Category Archives: puppy socialization

Opal Wants to Join AA

That’s right.  I would like to join AA today. Nah, not the club for humans who drink too much and get silly, sick and sad….No, I would like to join AA, the GIRL, for a birthday celebration. She is the not-so-little girl who raised me as a puppy for Guiding Eyes For the Blind’s puppy raisers program in North Carolina. They traded me to Canadian Guide Dogs for the Blind in Ontario (like a pro baseball player) and I ended up with my mum in Halifax.

We had such a great time together when I was a puppy. You slept on the floor next to my crate, played the violin for me with your brother, took me to church (I was a Mormon then, but mum says we are UU’s now…I don’t care ’cause church is fun). There is confusion about whether I am the puppy who barked while you sang in church, or if it was Lacy, the dog you also raised, the one who grew up to become a famous arson detective dog in Ohio. I don’t remember, but somehow, I think it was probably Lacy…I was the one who ate the cushions on the couch and pooped at the mall once (I don’t EVER do that anymore), remember AA?  They say that I was the one that made you come out of your shell. I don’t remember you having a shell…some sweatshirts and other normal clothes yeah, but no shell. I just remember that we were very happy together, and that after I showed up at your house, you weren’t shy at all anymore about talking to people, especially about dogs.  Dogs, dogs, dogs! That’s all you still talk about. I approve! Happy Birthday, my friend.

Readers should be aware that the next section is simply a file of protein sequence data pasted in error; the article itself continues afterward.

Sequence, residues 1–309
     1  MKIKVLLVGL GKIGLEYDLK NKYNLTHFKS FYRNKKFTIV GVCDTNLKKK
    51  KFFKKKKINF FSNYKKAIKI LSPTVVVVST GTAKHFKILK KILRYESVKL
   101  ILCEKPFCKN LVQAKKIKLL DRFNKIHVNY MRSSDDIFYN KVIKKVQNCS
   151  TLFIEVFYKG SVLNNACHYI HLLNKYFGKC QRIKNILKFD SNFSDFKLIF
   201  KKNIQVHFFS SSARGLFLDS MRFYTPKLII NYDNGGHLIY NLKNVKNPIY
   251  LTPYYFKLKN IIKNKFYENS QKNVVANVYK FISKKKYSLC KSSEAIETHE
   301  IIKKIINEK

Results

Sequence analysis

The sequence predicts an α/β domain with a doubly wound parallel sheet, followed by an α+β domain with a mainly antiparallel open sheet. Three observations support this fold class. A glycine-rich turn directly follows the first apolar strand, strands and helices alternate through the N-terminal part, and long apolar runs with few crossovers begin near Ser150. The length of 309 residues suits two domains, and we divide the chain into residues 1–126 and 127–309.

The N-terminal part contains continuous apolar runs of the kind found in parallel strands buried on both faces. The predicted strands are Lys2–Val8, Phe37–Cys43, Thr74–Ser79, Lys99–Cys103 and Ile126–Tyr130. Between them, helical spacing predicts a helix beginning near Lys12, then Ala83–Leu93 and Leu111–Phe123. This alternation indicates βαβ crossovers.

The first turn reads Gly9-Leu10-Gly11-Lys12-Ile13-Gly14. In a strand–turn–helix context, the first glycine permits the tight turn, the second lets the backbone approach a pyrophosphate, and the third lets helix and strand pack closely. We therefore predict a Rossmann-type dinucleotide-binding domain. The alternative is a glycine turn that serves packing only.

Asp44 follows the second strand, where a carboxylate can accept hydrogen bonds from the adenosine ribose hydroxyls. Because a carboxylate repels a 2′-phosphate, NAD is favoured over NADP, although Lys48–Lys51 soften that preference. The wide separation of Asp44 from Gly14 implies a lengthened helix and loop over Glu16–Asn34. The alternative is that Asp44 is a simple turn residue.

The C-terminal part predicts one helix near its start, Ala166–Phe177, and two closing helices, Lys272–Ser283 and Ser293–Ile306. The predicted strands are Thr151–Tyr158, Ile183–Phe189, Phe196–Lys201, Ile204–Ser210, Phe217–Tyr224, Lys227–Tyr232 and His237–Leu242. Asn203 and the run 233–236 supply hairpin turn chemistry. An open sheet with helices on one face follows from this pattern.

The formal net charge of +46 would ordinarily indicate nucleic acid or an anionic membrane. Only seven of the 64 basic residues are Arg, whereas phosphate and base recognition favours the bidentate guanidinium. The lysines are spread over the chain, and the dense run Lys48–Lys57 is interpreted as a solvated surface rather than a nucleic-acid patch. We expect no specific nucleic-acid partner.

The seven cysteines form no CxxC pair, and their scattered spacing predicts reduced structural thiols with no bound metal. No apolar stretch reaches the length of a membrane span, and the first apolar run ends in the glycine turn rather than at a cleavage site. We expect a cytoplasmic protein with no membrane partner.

Stuff They Don’t Teach At Guide Dog School